Jundallah and the Geopolitics of Energy

by , October 21, 2009

On Oct. 18, the Jundallah (God’s Brigade) terrorist group, based in Pakistan’s Balochistan province, on the border with Iran, mounted two terrorist attacks inside Iran’s Sistan-Baluchestan province. One was a suicide attack, and the other was an ambush on a car carrying a group of soldiers. The coordinated attacks killed 42 people and injured dozens more. Five senior commanders of the Islamic Revolution Guards Corps (IRGC), Iran’s elite military unit, were killed, including Brig. Gen. Nourali Shoushtari, deputy commander of the IRGC’s ground forces.

Jundallah has also taken responsibility for the bombing of a bus carrying IRGC soldiers in February 2007. At least 11 soldiers were killed in that attack. Jundallah has carried out several other terrorist operations in Iran that have killed many policemen and civilians.

Iran immediately blamed the United States for having a hand in the attacks. Ali Larijani, the speaker of Iran’s parliament, said, "If they [the U.S.] want relations with Iran, they must be frank [in admitting their responsibility]. We consider the recent terrorist measure the outcomes of the U.S. measure." For years Iran has been making similar charges against the U.S. and Britain, accusing them of trying to incite ethnic tensions within Iran in order to cause instability.

The mainstream media in the U.S. tends to dismiss Iran’s charges. After Iran’s rigged presidential election of June 12 and the loss of legitimacy of Mahmoud Ahmadinejad’s government in the eyes of a majority of Iranians, the mainstream media may be even more inclined to be dismissive of Iran’s accusations.

But regardless of Iran’s internal political situation, there is ample evidence that the George W. Bush administration was deeply involved in funding Jundallah. While it is not clear what the policy of the Obama administration is regarding Jundallah (the State Department flatly rejected Iran’s accusations), it is unlikely that the CIA’s direct or indirect support for Jundallah has ended.

In February 2007, Dick Cheney traveled to Pakistan and met with then-president Gen. Pervez Musharraf. Pakistani government sources said that the secret campaign against Iran by Jundallah was on the agenda when the two met. In an interview later that month, Cheney referred to the Jundallah terrorists as "guerrillas" in order to give them legitimacy.

But despite its claims, Jundallah is a sectarian, not liberation, movement. It is made of Sunni extremists who hate the Shi’ites, and its goal is to foment conflict between the two sects.

There is a movement in Pakistani Balochistan against the discrimination that the Baloch people suffer at the hands of the central government. The Baloch minority (totaling about 1 million) in Iran has also been discriminated against, although the Iranian government has been trying to improve the economy there. But Jundallah is not part of either struggle. Jundallah is simply a Sunni Salafi group of the Taliban or al-Qaeda variety, believed by many to have links to both groups and to be involved in drug trafficking as well. Since 1979, at least 3,000 Iranian policemen have been killed by the drug traffickers in the region.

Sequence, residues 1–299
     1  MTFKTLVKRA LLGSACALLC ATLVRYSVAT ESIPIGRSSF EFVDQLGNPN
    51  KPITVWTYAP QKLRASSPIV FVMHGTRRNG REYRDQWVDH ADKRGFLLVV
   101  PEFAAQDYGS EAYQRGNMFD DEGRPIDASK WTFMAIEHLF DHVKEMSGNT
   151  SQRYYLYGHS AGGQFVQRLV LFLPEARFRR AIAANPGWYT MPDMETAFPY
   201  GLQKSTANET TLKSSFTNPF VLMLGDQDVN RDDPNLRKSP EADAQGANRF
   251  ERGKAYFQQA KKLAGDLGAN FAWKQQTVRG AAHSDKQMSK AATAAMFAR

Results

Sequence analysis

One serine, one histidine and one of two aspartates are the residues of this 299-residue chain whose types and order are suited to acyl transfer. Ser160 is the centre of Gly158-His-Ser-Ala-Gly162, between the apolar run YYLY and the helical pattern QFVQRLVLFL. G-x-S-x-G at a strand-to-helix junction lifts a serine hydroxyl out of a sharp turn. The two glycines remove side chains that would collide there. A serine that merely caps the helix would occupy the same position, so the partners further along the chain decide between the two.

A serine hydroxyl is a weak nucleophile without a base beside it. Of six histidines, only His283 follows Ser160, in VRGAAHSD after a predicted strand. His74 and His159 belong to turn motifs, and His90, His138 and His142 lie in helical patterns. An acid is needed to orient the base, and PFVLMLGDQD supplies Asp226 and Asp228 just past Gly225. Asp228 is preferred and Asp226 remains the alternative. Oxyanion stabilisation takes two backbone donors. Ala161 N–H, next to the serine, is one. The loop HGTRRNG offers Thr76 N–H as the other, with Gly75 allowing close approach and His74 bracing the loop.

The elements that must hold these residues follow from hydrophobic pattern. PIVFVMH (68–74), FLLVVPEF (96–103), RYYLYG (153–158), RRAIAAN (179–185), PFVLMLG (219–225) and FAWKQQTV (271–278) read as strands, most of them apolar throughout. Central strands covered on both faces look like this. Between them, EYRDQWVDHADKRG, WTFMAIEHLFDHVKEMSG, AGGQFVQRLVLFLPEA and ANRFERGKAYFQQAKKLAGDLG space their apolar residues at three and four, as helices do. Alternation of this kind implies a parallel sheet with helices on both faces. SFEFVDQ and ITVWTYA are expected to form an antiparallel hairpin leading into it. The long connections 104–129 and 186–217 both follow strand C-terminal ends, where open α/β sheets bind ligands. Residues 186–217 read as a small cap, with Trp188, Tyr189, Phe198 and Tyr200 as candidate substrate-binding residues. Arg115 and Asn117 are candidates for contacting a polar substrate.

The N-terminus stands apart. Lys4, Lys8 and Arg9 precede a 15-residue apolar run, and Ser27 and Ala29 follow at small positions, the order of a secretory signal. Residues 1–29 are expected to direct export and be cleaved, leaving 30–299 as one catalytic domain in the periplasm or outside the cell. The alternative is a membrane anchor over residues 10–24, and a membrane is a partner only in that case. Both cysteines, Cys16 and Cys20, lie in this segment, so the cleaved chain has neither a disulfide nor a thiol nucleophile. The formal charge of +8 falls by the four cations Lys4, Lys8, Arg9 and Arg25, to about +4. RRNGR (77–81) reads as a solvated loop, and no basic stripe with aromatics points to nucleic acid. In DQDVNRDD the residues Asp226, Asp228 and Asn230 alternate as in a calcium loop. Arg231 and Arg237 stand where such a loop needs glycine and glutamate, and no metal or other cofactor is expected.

On Feb. 25, 2007, the London Telegraph reported, "America is secretly funding militant ethnic separatist groups in Iran in an attempt to pile pressure on the Islamic regime to give up its nuclear program. … Such incidents [of violence] have been carried out by the Kurds in the west, the Azeris in the northwest, the Ahwazi Arabs in the southwest, and the Baluchis in the southeast. … Funding for their separatist causes comes directly from the CIA’s classified budget but is now ‘no great secret,’ according to one former high-ranking CIA official in Washington."

According to the Telegraph, Fred Burton, a former U.S. State department counterterrorism agent, supported the assertion, saying, “The latest attacks inside Iran fall in line with U.S. efforts to supply and train Iran’s ethnic minorities to destabilize the Iranian regime.”

In April 2007, ABC News reported that according to Pakistani and U.S. intelligence officials, the Jundallah group "has been secretly encouraged and advised by American officials since 2005." According to the report, the "U.S. relationship with Jundallah is arranged so that the U.S. provides no funding to the group, which would require an official presidential order or ‘finding’ as well as congressional oversight." The money for Jundallah was funneled to its leader, Abdel Malik Regi, through Iranian exiles who have connections with European and Gulf states.

In an interview with National Public Radio on June 30, 2008, Seymour Hersh explained how the Bush administration’s policy of "my enemy’s enemy is my friend" led the U.S. to support Jundallah and the Mujahedin-e Khalq Organization, or MEK, an Iranian exile group listed as a terrorist organization by the State Department, both of which have clear records of terrorist activities.